You are specially invited to follow 99 Friendship on Twitter.

99 Friendship Episode 46

By Carolyn Duthie and Benjamin Massey · July 2nd, 2017 · No comments

Not a very special episode of 99 Friendship this week, but one that’s no doubt full of surprise and delight for the dedicated fan. (For one thing, it’s out a day early! Because Ben is going to spend the middle of the week doing a Chris McCandless so we had to get this out of the way. You didn’t want to talk to friends and/or family anyway, did you?)

Do not make this your first episode. Why not try the AmWoSoLit Special instead? But there’s probably a fun thing in it if you’re used to our special brand of fun.

  • It was so fucking hot in Ben’s temporarily airless recording studio. If I was in a union there’d have been a complaint. My computer is in the union and refused to record it, but Carolyn’s did, which is why everything sounds different.

  • One of Canada’s (indeed, the Vancouver area’s) greatest soccer heroines received a prominent national honour this #Canada150 week. Which player are we referring to? I guess you’ll have to listen to find out.

  • Tier-one Canada has booked a pair of friendly against the United States, in Vancouver on November 9 and uh somewhere in the States the next Sunday. It is so early that there isn’t much to say about that yet, though we try.

  • Since it’s a surprisingly quiet week woso-wise (because Carolyn missed the NWSL action), we catch you up on UWS and WPSL. On the UWS end Calgary played Lauren Sesselmann! If you’re interested in the Santa Clarita Blue Heat scoop, we got you covered!


    Lauren Sesselmann is the mom.

  • Then we make fun of random WPSL teams for a bit.

  • Then we talk about curling, because otherwise the podcast would have been 20 minutes long and there are rules. This includes a repeat of the 2017 Lady World Championships final I watched earlier in the week.

Following 99 Friendship on Twitter will make you more handsome.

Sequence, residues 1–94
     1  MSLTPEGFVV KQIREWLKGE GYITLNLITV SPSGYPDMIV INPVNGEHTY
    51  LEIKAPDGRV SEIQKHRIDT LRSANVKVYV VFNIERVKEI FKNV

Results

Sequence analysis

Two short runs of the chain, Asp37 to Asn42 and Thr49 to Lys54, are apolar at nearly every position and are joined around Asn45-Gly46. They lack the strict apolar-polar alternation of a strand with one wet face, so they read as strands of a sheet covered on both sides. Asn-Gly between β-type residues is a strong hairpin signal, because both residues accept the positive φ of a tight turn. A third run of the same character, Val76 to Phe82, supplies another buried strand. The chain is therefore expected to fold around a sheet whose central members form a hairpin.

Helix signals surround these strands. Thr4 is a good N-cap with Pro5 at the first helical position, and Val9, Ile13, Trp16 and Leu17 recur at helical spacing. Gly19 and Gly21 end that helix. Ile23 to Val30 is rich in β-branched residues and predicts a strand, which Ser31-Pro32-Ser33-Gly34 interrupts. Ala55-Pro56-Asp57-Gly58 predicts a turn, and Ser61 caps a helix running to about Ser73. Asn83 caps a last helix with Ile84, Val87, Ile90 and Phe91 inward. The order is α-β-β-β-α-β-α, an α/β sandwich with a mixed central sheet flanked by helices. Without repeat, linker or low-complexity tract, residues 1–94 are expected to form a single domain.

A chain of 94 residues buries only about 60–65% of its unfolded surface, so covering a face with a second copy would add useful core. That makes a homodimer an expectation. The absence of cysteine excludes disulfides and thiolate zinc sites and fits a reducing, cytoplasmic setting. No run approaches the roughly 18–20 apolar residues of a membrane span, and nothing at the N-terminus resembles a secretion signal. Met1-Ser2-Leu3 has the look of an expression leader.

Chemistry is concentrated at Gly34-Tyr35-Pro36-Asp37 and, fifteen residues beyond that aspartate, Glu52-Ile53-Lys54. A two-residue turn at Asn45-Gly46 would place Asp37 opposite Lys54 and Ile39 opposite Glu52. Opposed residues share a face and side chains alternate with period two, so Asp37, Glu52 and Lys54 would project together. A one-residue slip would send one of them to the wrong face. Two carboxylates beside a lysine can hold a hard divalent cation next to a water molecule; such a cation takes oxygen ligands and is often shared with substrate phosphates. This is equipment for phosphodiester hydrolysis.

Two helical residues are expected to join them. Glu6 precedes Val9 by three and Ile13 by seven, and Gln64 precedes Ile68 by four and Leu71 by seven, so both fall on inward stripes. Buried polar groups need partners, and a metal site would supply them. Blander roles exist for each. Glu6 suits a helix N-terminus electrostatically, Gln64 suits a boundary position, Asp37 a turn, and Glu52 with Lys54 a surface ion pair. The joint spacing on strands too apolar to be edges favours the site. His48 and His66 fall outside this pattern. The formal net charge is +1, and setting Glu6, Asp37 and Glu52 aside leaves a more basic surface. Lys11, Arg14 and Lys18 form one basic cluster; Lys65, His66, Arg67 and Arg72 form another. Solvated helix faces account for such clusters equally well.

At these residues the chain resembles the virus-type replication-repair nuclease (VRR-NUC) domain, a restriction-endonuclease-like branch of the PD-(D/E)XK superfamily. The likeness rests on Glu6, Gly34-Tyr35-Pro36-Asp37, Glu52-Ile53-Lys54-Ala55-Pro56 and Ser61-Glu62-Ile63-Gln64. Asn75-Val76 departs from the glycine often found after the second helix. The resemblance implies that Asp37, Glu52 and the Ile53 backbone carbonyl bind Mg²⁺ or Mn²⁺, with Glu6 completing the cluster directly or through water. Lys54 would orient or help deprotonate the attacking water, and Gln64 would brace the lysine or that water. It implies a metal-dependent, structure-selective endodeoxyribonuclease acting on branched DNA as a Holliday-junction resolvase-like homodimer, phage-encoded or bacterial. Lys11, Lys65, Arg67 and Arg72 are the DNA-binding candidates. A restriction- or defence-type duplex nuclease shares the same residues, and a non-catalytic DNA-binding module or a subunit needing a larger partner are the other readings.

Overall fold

99 Friendship Episode 45

By Carolyn Duthie and Benjamin Massey · June 26th, 2017 · No comments

Sorry for missing you last week; we recorded, my computer ate it, we didn’t have anything to say anyway, we weren’t too upset. But making up for lost time here’s episode 45 of 99 Friendship. On this week’s spectacular show:

  • The Canadian Soccer Association put out a grammatically-awkward roster for a pair of youth woso camps in Australia and China. You’re damned right we can get nine minutes of material out of discussing that.

  • A couple weeks of NWSL action! Adriana Leon scored totally on purpose!

  • Carli Lloyd scored a belter of a goal for the Houston Dash and we spend a few minutes discussing her, mostly because it gives me a chance to use our Carli Lloyd intro theme again, and I’m not gonna lie that still cracks me up every single time.

  • Carolyn goes and gets a program for the 2013 Western New York Flash. Because this is a podcast and it has no visual element, you might think there’s not a lot of interest in Carolyn showing me her program from the 2013 Western New York Flash. But there is.

  • We wrap the podcast by discussing obscure Canadian woso. In a different way than usual. Basically that 2013 Western New York Flash program segues us into talking about old WNT tournaments and players and we just ramble and it’s fun! You should listen!

  • CanWNT should have a friendly at McGill, because it would be convenient for drinking.

Follow 99 Friendship on Twitter if you like.

The Return of the Juan de Fuca Plate

By Benjamin Massey · June 23rd, 2017 · No comments

Benjamin Massey for the Juan de Fuca Plate (CC BY-SA 2.0)

In January 2012 fans on the Vancouver Southsiders message board and the Lake Side Buoys Facebook group decided that they would like to emulate, on a smaller scale, the storied Cascadia Cup. The previous year goalWA.com and scarf manufacturer Ruffneck had put up a trophy for the USL Premier Development League clubs in their native Washington, and anything they could do, we could do better. Both the Whitecaps and the Victoria Highlanders had PDL teams and their fans, who don’t agree on much, concurred that a supporter-driven British Columbia trophy for the lower-division sides was essential. The Fraser Valley Mariners, also in the league, had no supporters to contribute but were not forgotten by those who did.